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Last edited 17 Apr 2018
Foundations provide support for structures, transferring their load to layers of soil or rock that have sufficient bearing capacity and suitable settlement characteristics to support them. Very broadly, foundations can be categorised as shallow foundations or deep foundations.
Pile foundations are a type of deep foundation, formed by long, slender, columnar elements typically made from steel or reinforced concrete, or sometimes timber. A foundation is described as 'piled' when its depth is more than three times its breadth.
Pile foundations are principally used to transfer the loads from superstructures, through weak, compressible strata or water onto stronger, more compact, less compressible and stiffer soil or rock at depth. They are typically used for large structures, and in situations where soil may be subject to excessive settlement.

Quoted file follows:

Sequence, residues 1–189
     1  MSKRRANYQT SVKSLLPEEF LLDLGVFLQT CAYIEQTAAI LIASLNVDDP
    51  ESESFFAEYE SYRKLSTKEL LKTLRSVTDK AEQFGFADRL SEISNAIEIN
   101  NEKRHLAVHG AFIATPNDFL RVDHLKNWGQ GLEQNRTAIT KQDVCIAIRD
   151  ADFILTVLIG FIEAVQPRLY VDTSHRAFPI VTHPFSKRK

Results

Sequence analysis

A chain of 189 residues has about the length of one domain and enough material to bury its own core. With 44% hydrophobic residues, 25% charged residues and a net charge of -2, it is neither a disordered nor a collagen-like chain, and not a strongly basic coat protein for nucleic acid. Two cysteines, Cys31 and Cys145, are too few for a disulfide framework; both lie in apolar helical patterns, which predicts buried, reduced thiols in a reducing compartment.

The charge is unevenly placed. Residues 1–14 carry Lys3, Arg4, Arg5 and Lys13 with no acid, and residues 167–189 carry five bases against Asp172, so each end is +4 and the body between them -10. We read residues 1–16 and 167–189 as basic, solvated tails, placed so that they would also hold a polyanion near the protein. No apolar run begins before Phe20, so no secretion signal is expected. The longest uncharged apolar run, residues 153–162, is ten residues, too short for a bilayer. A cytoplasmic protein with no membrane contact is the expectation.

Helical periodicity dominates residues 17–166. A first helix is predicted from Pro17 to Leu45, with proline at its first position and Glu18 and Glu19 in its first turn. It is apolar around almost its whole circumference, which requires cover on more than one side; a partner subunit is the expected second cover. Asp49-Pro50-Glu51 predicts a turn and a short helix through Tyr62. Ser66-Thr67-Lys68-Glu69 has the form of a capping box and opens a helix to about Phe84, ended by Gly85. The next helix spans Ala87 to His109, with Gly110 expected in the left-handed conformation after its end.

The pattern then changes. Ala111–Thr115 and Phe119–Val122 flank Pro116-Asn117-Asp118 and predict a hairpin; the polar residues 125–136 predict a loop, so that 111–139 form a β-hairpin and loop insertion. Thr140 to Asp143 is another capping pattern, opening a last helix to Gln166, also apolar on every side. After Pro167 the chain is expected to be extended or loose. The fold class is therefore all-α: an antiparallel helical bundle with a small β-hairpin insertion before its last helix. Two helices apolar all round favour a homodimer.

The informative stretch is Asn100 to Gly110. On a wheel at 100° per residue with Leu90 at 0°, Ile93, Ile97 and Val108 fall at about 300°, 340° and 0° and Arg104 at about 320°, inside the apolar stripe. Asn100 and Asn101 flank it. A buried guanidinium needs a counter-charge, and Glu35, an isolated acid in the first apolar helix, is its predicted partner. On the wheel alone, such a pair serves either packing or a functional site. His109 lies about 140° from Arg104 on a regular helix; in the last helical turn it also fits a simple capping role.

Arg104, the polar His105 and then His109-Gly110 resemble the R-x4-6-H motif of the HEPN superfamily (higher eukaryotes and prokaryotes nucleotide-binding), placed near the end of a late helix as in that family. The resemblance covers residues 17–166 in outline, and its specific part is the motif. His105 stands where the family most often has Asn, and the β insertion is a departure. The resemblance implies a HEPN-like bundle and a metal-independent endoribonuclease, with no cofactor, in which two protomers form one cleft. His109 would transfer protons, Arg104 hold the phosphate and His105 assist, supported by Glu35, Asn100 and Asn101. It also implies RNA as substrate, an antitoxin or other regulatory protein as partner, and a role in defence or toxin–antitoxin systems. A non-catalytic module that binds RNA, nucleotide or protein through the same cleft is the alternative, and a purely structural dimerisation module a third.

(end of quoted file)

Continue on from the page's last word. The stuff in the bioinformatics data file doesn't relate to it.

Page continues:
Friction (or floating) piles develop most of the pile-bearing capacity by shear stresses along the sides of the pile, and are suitable where harder layers are too deep to reach economically. The pile transmits the load to surrounding soil by adhesion or friction between the surface of the pile and soil, which in effect lowers the bulb of pressure. In other words, the whole surface of the pile (cylindrical in shape) works to transfer the forces to the soil.
To gain a better understanding, consider a nail that is driven into a piece of timber. The nail becomes more secure and tightly fastened into the timber, the further in that it is driven. The greater the embedment depth in the ground, the more load the pile can support – the load-bearing capacity of the pile is directly proportionate to its length.
For more information see: End-bearing piles.
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